June 13, 2023
Resize images in Linux

So I build (a lot of) websites. During this process I often receive a folder with a LOT of (large) images. These images sometimes exceed 10MB each, which is ridiculous when it comes to web.

My websites resize all images on build, so the website visitors do not notice these gigantic file sizes. However, during build time these huge files have to be read and processed. This causes a longer (initial) build time, while I always aim for instant deploys. Additionally they increase the repository size dramatically, which is also very inconvenient and inefficient. Therefore, I always resize these images (manually) before I add them to my repository.

Today I decided that doing this manually was a complete waste of my time and I promised my (future) self that I would never open them one by one again (for this purpose). It was time for a cool command line script to do this for me. I took me 10 minutes to find the perfect script, which was less than I expected. I ended up with this:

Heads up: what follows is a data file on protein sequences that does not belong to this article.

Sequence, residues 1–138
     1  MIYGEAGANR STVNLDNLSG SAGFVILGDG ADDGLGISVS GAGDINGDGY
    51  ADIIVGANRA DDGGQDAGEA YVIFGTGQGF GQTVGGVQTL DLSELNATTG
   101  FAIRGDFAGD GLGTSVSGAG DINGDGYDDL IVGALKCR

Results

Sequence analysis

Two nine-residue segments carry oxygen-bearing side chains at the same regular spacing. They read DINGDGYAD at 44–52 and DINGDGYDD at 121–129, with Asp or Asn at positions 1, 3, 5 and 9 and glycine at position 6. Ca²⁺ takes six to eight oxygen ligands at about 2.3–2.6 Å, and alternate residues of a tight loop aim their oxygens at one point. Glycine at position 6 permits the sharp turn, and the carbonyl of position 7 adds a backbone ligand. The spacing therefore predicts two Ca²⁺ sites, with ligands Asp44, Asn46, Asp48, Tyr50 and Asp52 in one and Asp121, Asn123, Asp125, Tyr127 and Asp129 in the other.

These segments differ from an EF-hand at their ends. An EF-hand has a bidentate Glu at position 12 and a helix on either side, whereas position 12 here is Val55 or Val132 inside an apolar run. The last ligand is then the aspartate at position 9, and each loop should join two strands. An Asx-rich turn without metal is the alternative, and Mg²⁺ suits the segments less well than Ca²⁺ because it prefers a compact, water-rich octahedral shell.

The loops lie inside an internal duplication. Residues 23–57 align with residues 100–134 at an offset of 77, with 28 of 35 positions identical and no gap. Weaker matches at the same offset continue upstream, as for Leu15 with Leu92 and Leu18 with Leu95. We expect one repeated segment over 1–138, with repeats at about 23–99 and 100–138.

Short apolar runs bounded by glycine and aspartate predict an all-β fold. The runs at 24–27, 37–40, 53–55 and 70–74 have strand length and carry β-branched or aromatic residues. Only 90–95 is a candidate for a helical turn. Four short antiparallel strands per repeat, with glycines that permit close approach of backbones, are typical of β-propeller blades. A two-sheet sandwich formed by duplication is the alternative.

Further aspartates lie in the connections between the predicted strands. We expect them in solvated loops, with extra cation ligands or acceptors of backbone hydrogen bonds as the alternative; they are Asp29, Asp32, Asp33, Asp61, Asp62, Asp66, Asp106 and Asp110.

mogrify -resize "3000x3000>" -quality 50 -format jpg *.*

It loads/uses imagemagick, which can be installed with ‘sudo apt install imagemagick’. Then it overwrites the files (if required), which is called ‘mogrify’ and resizes them to a maximum width and height of 3000 pixels. Finally it outputs them as JPG with 50% image compression. Your output files will typically be somewhere between 250kb and 1MB. Neat, huh? This single command is going to save me a lot of time.

PS. I decided I also wanted to slugify and lowercase the filenames… so here are those commands:

rename "s/ /-/g" *
rename "y/A-Z/a-z/" *

You are welcome, future Joost!

()  Joost van der Schee

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